24 February 2018


Yesterday, Donald Trump's assistant campaign chairman Rick Gates pleaded guilty to two criminal counts, conspiracy and lying to the FBI (details here). He is now the fifth of the six indicted Americans to plead guilty and, like the others, he is now cooperating with and providing testimony to Special Counsel Robert Mueller, the former FBI director supervising the criminal investigation into the President and his associates.

The only indicted American who has not pleaded guilty to date is Paul Manafort, Trump's campaign chair. Gates and others undoubtedly are now providing closed-door testimony to the grand jury about Manafort and possibly Trump and/or his family and associates.

One would not be histrionic to declare that all hope seems now lost for Manafort. As Charles Pierce noted at Esquire (link here), "He is on a spit over an open flame and it’s turning ever faster. The skin is starting to crackle and Paul Manafort is almost done and ready for serving. And Manafort, unless he’s an idiot, which nobody thinks he is, has to be pretty close to serving up the only person he can serve up."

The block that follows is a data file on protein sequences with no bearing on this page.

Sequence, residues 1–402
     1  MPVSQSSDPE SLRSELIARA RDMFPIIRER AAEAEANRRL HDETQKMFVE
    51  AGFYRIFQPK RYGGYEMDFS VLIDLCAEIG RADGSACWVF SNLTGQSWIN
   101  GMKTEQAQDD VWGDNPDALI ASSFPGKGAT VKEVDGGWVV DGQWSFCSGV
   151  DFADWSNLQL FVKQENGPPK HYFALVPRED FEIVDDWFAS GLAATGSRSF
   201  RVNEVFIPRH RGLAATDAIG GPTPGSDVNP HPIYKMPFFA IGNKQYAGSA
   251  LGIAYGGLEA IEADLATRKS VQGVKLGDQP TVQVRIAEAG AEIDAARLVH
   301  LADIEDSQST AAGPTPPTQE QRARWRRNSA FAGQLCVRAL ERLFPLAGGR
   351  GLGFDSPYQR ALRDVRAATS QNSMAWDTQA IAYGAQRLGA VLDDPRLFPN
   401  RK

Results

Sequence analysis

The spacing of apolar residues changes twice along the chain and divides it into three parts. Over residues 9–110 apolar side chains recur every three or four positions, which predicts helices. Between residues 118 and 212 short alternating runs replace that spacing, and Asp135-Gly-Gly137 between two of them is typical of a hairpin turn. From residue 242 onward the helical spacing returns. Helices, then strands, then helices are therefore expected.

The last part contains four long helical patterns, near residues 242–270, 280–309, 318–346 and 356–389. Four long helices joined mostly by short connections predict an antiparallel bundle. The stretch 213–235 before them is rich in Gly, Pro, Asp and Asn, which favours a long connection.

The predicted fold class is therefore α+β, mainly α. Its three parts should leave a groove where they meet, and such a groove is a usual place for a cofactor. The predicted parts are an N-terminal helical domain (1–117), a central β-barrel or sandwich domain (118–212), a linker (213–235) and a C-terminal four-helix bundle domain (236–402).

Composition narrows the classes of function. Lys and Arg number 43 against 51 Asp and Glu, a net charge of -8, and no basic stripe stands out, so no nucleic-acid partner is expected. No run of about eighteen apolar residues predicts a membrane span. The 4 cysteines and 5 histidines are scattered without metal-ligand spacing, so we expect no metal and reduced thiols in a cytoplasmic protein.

That one person, of course, is Trump.

But then maybe not. Mueller's sights may first be set on two vulnerable targets: Don Trump Jr. and Jared Kushner, the latter being the President's son-in-law. If either or both of them are indicted, they can't claim any kind of immunity like Trump possibly could.

If he indicts one or both, Mueller might be trying to set up the President to do something particularly risky and self-destructive: pardon his own relatives. That could set in motion a constitutional crisis, with Republicans in Congress finally breaking with Trump if voter outrage is sufficient.

As well, it could trigger a legal challenge from prominent members of Congress and even some officials within the Justice Department, given no President has ever pardoned his own relatives before.

It also would put Trump's relations in a curious position: they could be forced to testify against the President. If a person accepts a pardon, he or she admits to guilt and the Fifth Amendment no longer applies, because there's no danger of self-incrimination.

If such individual refuses to testify and/or perjures him or herself, criminal contempt charges would be levied. Would Trump then pardon his relatives a second time?

Hopefully if we are far down this dangerous road, voter fury would be loud and strong enough that Republican members of Congress would see the writing on the wall and vote to impeach and remove from office.

We live in interesting if not dangerous times. Stay tuned.


  1. Anonymous03:51

    La hora de la gran verdad se acerca.Este modelo es culpable de acerarme el libido.Amigo venezolano,Cucuta

  2. ... W O W! such a pretty picture :)


Speak up!